|Native Americans took kindly to European cooking utensils and aids to comfort...|
Sioux Etiquette ln Frying-Pans
A cooking utensil thus acquired becomes practically the common property of the tribe, on the general understanding, however, that whoever borrows it shall pay for the use by leaving in it a portion of the food cooked. As the Indians seldom waste any time in washing or cleaning eating or cooking vessels, this practice has some conveniences from a red man's point of view, and often a saucepan is returned with quite a large quantity of meat or potatoes clinging to the bottom, and perhaps covering up some of the remains of a preceding and entirely different preparation.
It is not long since that an exploring party I was out with lost its kettle, which had evidently jolted out of the wagon on the bad road. After considerable hesitation one was borrowed from a friendly squaw, and, after water had been boiled in it three or four times and it had been well scoured out with sand, it answered its purpose admirably.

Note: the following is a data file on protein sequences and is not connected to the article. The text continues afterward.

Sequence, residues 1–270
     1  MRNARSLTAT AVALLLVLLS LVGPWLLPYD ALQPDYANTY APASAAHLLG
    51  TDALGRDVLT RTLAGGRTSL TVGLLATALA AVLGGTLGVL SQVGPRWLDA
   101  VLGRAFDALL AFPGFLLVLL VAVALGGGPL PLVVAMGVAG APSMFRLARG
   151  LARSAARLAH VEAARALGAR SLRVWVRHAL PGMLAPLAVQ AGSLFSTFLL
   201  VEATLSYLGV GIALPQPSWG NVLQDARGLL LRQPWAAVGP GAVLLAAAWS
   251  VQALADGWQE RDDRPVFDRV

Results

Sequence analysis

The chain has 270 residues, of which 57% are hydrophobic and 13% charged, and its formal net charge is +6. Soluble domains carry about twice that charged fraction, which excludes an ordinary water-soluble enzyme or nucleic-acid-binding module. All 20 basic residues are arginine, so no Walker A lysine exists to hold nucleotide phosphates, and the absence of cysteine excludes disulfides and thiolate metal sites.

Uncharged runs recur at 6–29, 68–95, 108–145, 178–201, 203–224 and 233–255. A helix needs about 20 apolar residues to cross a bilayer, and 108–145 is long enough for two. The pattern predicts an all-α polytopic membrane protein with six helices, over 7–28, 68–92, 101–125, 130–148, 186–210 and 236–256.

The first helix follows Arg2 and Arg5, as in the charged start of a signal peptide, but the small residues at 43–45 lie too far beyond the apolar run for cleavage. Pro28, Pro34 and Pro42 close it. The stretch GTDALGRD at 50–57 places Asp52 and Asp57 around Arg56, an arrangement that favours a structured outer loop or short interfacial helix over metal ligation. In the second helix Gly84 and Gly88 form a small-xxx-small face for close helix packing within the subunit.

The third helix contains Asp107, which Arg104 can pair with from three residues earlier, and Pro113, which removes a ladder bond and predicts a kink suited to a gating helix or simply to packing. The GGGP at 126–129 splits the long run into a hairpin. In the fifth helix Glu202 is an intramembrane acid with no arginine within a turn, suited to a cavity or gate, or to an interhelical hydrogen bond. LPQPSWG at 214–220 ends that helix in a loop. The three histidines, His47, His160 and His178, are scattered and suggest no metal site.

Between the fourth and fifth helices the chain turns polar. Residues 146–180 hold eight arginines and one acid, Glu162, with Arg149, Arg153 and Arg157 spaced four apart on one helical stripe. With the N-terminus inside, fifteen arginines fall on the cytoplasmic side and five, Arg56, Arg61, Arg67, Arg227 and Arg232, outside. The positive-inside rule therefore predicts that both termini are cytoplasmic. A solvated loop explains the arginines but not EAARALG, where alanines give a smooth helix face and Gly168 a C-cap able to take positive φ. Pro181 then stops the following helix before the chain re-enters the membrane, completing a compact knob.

When we were through with the kettle, we thoroughly cleaned it and returned it, and it was not until an Indian guide explained the custom that we understood the look of supreme contempt which came over the red lady's face when on looking into the inside of the kettle she saw that it contained no relic whatever of our evening feast." — St. Louis Globe-Democrat, 1894